Dawood Pervez: Wholesale needs supplier support to survive and thrive

While the financial forecast for 2023 appears to have been overtly pessimistic, wholesale still needs supplier support to survive and thrive, says FWD chair

We’re now several months into 2023 and the predictions of a post-Christmas recession are proving to be increasingly wide of the mark, in the wholesale sector at least. The expected crisis in consumer discretionary spend doesn’t appear to have dented the public’s enthusiasm for eating out, and daily images of empty shelves in supermarket aisles help to prompt shoppers towards ‘little and often,’ which favours local stores.

It has been an extraordinary 12 months; research commissioned by FWD and carried out by TWC shows that even by the summer of last year, wholesalers had seen on average an 89% increase in utility bills over the previous year, and a 38% increase in vehicle fuel costs. The survey reported an average 13% increase in the cost of doing business, with fuel and utilities representing nearly 10% of wholesalers’ costs. These figures are from before inflation reached its peak, and those costs continued to rise throughout the second half of the year.


As has been demonstrated time and time again in recent years, resilient wholesalers have the ability to dig deep and find ways to keep their offer competitive, and support customers who are facing the same inflationary pressure. Some FWD members on fixed-term energy contracts were able to avoid the worst impact. The Grocer’s Big 30 Wholesalers Report, published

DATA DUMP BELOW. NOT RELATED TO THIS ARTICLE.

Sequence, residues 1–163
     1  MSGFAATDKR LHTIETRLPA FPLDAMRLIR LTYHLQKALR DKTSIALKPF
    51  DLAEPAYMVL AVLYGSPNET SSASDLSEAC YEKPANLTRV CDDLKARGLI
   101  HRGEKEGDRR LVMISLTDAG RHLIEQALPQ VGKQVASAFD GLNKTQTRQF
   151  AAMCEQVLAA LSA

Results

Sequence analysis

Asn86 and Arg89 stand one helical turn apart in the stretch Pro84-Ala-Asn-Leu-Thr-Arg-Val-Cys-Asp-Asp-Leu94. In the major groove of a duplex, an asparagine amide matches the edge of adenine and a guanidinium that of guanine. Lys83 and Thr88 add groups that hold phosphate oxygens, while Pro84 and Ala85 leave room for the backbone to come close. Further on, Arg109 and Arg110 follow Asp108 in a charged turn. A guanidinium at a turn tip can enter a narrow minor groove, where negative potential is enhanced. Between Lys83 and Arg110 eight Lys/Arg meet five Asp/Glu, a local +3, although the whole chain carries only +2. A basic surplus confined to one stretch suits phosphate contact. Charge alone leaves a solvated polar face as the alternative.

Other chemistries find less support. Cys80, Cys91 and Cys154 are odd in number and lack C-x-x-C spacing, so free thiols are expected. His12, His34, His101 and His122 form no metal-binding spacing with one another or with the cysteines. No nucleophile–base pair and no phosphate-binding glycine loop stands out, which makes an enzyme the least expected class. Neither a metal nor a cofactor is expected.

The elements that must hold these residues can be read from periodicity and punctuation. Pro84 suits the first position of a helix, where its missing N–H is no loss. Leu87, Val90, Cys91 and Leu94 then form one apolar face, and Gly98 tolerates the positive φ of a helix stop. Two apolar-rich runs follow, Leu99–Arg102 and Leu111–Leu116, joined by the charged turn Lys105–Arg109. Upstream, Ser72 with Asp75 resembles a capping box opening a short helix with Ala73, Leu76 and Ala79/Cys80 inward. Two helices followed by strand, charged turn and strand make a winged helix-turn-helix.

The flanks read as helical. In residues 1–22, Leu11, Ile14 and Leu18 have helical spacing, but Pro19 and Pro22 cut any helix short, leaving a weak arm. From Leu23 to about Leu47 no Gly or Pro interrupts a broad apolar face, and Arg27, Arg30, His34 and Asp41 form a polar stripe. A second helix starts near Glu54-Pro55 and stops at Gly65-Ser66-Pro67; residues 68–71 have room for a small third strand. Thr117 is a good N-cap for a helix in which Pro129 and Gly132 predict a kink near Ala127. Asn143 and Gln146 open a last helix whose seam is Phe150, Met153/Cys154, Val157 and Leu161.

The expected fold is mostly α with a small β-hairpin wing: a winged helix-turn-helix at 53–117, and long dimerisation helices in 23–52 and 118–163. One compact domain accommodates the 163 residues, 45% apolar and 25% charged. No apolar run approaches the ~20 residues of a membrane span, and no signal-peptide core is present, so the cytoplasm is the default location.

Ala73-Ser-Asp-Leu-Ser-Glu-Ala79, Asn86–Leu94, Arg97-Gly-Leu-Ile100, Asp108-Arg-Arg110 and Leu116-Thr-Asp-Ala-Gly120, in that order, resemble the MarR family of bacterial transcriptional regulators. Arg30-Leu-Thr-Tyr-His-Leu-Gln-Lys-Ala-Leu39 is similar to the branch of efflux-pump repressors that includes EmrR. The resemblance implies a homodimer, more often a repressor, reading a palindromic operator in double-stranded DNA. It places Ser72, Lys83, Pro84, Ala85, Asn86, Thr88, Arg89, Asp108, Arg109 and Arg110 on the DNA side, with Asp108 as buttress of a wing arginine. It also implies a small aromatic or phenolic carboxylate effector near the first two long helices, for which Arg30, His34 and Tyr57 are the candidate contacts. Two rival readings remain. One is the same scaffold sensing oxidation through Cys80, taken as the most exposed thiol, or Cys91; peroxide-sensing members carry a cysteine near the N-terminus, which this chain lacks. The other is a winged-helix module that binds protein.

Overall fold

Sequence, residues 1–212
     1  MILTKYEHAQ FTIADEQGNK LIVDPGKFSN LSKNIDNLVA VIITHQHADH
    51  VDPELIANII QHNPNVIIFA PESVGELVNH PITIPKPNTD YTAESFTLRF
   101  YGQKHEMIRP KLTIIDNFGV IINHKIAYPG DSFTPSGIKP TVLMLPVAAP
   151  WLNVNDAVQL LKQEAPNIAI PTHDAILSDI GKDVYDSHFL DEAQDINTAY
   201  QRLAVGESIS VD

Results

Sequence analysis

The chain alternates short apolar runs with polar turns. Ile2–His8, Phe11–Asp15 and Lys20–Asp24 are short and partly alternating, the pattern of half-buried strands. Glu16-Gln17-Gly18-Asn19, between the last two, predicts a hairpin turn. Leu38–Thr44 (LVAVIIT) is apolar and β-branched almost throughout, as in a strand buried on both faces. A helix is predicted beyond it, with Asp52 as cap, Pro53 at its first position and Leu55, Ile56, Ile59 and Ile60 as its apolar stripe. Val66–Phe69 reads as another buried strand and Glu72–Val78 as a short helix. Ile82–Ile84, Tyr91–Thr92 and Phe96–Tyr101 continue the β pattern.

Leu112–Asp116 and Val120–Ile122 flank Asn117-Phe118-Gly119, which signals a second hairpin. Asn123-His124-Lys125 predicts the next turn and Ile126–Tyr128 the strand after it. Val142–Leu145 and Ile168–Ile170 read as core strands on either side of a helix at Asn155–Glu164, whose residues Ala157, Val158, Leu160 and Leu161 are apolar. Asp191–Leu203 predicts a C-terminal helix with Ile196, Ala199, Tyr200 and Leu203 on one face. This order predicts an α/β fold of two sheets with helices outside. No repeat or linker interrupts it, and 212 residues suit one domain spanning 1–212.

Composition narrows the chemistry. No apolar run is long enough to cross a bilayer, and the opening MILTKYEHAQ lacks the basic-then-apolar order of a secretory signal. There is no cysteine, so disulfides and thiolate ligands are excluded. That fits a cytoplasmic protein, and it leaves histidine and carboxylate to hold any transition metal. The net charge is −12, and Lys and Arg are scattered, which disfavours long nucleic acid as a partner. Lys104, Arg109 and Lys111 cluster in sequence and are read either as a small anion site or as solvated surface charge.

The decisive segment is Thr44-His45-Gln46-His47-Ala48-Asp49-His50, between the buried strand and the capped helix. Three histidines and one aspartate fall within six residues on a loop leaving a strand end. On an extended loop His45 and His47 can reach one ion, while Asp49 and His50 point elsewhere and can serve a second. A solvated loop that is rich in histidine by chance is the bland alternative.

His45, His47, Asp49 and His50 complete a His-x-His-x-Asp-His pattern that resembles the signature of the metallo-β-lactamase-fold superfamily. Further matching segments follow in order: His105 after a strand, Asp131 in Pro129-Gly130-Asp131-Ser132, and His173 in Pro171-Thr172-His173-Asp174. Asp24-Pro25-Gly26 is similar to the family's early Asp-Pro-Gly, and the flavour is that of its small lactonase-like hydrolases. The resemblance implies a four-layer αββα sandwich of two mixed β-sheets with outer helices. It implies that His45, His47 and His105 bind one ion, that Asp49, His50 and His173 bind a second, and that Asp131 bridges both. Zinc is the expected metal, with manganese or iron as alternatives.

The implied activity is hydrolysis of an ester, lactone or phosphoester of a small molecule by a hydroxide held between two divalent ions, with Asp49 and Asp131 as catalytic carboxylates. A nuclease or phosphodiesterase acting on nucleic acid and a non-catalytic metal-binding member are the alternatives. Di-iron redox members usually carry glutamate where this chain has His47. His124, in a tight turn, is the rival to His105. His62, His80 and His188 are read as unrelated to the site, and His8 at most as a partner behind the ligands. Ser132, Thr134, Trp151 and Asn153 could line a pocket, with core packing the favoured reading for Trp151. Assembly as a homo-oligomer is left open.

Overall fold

in February, suggests that some protected their customers from those cost rises by temporarily sacrificing their own margin. It calculates that the average wholesaler profit margin fell to just 0.8%, half of what was reported a year earlier, and below the rule-of-thumb ‘penny in the pound’ that has always sustained wholesale distributors through both good times and bad.

Those customers need our help because they have their own mounting costs to bear, as do their customer base. It is alarming to see the Association of Convenience Stores’ estimate that 7,000 independent c-stores could be under threat of closure due to a quadruple increase in fuel costs after having to take out fixed-term contracts at the height of the crisis. That’s a potential 46,000 jobs on the line, and a devastating loss of service to the communities those shops support.


Wholesalers are playing their part to ensure those stores prosper and that we retain the convenience, community focus and choice that comes from a diverse and competitive food retail market.

So what can we do to keep shoppers coming into the stores we supply? The FWD research tells us that 39% of shoppers are looking for more promotions, and also that they see price-marked packs as a key promotional offer in the independent channel. A significant 85% said PMPs demonstrate good value for money, which in turn ensures their loyalty. The report suggests that PMPs are just as good as supermarket club cards for attracting and retaining shoppers, which has to be of interest to suppliers deciding where to place their investments.

PMPs only work for suppliers if the margin is right for both wholesalers and retailers. Wholesalers reported that the shared margin had increased in 23% of cases, and stayed the same in 73%. It would be great to see those numbers swap around.

Of course, cost increases are only half the equation, and in some ways they are the easier to solve. Costs can be absorbed, mitigated against or passed on. Margin can be sacrificed, temporarily, to keep the wheels rolling. The one thing that brings the supply chain to a shuddering, catastrophic halt is lack of product because we can’t sell what we can’t buy. When you look at the slim margins that some FWD members are working on in order to support their customers, you can see how crucial a regular and reliable supply is to this channel. So as much as we need to work together to manage costs through the supply chain, it’s that fair and equitable allocation that needs our full attention as the UK navigates its way towards economic recovery.

Dawood Pervez FWD FWD column PMPs retailers suppliers supply chain TWC